Louisiana State gymnast Olivia Dunne is one of the most recognizable athletes on social media.
The 20-year-old college junior has 2.4 million Instagram followers — and industry analysts project her name, image and likeness, or NIL, evaluation is estimated to be worth just as much. It’s been estimated that a single social media post by Dunne is worth $31,000.
The prominent college star is from North Jersey, with strong ties to the local sports scene. The Hillsdale native has a long history with the Eastern National Academy of Paramus, which she is represented at national and international competitions, including stints with the US national team.
Dunne’s athletic achievements are, of course, impressive. During her first year as an LSU Tiger, she was named an All-American. But a big part of her legacy will likely be the impact she has had on college athletics in this brave new world that is NIL. Thanks to new rules set in place in the summer of 2021, college athletes can profit off their name, image and likeness through sponsorship deals — and what a year and a half it’s been.
The economics of NIL are complex — and often, private. It’s unclear how much Dunne makes. Earlier this month, she told The New York Times that her earnings are somewhere in the “seven figures.”
“That is something I’m proud of,” she told The Times. “Especially since I’m a woman in college sports.” She added: “There are no professional leagues for most women’s sports after college.”
In the earliest days of NIL, women were shaping up to be clear winners. Female college athletes have long been on the receiving end of less investment and less airtime — which consequently leads to less profit when compared to the male side of collegiate sports. Though college athletic departments are required to provide equal investment for female and male sports, thanks to Title IX, experts have told me these inequalities can often be overlooked by lack of enforcement.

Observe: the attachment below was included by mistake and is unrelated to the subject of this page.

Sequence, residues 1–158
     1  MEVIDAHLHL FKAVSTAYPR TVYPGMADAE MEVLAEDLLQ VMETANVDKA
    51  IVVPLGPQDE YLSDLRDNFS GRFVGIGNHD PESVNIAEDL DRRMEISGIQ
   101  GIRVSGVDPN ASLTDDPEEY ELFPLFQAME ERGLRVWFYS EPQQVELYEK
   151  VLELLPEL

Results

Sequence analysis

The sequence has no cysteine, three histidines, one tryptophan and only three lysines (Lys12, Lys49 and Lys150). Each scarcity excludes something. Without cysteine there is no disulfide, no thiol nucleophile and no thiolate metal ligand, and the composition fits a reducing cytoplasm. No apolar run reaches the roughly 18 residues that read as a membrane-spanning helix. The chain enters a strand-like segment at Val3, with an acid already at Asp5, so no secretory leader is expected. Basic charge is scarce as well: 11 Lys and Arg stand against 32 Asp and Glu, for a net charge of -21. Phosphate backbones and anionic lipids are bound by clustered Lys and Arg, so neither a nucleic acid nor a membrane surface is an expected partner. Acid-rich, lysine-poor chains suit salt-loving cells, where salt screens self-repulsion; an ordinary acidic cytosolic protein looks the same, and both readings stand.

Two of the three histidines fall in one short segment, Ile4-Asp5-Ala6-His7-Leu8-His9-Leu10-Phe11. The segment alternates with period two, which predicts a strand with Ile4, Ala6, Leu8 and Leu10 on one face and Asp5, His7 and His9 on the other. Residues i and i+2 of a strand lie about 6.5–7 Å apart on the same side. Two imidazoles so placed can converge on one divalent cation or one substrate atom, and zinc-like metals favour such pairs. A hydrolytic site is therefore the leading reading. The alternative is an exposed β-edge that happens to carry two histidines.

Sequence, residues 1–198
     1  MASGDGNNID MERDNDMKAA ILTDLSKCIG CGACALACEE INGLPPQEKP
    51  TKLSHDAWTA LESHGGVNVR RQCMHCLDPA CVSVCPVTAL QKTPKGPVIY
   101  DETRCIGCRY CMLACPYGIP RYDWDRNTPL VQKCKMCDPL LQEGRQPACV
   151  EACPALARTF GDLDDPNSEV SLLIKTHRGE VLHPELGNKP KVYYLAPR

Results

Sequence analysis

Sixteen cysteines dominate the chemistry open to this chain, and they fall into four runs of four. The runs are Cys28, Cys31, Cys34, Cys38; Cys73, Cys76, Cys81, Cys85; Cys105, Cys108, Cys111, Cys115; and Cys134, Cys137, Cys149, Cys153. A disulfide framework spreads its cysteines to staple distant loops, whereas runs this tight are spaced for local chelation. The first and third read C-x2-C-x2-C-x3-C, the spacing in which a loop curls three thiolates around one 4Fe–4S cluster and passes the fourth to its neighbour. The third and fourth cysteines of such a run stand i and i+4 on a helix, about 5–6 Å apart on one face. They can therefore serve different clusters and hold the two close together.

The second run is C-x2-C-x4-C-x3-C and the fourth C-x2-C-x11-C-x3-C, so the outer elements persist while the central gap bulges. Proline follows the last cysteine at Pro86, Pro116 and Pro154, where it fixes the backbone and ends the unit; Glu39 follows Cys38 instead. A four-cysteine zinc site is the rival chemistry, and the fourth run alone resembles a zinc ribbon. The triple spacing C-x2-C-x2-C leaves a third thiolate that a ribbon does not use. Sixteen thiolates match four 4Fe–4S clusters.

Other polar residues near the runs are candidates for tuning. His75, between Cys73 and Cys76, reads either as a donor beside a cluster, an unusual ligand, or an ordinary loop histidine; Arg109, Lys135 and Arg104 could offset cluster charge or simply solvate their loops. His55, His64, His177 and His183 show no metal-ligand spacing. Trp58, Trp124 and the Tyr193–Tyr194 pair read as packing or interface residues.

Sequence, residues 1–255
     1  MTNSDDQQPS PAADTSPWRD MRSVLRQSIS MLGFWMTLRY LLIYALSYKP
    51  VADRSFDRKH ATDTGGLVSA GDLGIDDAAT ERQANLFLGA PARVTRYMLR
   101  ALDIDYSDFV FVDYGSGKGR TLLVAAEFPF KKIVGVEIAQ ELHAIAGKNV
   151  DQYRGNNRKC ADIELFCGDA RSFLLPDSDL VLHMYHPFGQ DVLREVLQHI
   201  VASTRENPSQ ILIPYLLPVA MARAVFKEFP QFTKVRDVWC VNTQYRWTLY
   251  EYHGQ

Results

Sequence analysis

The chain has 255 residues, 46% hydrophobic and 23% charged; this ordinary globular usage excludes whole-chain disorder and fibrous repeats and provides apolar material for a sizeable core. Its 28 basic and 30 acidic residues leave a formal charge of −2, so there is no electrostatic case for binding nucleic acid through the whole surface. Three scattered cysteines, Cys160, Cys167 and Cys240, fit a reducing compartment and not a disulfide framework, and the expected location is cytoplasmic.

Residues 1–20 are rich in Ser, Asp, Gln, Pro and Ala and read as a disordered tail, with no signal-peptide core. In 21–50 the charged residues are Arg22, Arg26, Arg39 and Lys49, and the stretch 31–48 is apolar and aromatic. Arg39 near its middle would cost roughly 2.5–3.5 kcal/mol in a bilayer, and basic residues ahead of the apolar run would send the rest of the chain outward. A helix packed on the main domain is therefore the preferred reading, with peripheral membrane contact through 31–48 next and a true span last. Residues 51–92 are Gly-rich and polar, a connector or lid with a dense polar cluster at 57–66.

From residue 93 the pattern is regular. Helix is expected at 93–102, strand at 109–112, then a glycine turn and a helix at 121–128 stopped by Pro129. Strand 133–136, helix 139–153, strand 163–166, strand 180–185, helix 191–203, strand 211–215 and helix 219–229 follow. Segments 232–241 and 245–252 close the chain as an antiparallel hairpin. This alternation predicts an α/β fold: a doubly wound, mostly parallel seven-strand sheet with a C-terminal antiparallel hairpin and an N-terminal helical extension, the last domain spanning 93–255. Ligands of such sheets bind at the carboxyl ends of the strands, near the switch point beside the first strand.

NIL in many ways is a silver lining for female athletes. They can now earn a living playing sports in a way that no athlete before them could. As Dunne alluded, the prospects for women to make money post-college in their chosen sport is often limited.
What Dunne has been able to accomplish is no easy feat. Experts suggest that her earnings outpace her peers’ by a landslide, according to data collected by ON3, a college sports digital media, data and marketing company. The firm last month compiled the top 10 NIL valuations for female college athletes.
Topping that list is Dunne. With 8.74 million followers combined on all social media platforms, Dunne has an NIL valuation of $2.3 million and $31,000 per post value. For comparison, the second athlete on the list is fellow gymnast Sunisa Lee, who became a national sensation last summer after winning Olympic gold with Team USA in Tokyo. With 31.5 million followers, Lee has an NIL valuation of $1.5 million and a $21,000 per post value.
NIL, of course, is not immune to the larger issues surrounding women’s sports. That top 10 list, for example, only includes two athletes of color, including Lee. Athletes of color historically reel in significantly less money and media attention than their peers, as seen in some pro leagues like the WNBA. In some ways, NIL renews this conversation — and offers a real opportunity to level the playing field.
As Dunne continues to rise to NIL fame, at her core, she remains an athlete who fell in love with her sport.
In a 2020 video posted on her club’s Instagram account, a 17-year-old Dunne talks about being team captain, what she likes to do outside of her sport, and her proudest achievement as a gymnast thus far. She also talks about how it feels to be a gymnast. “To do gymnastics, it feels like you’re defying gravity for a split second — and then you need to be ready for the landing,” she says.
In many ways, Dunne is defying what it means to be a female college athlete in 2022. And it sure will be exciting to see where she lands next.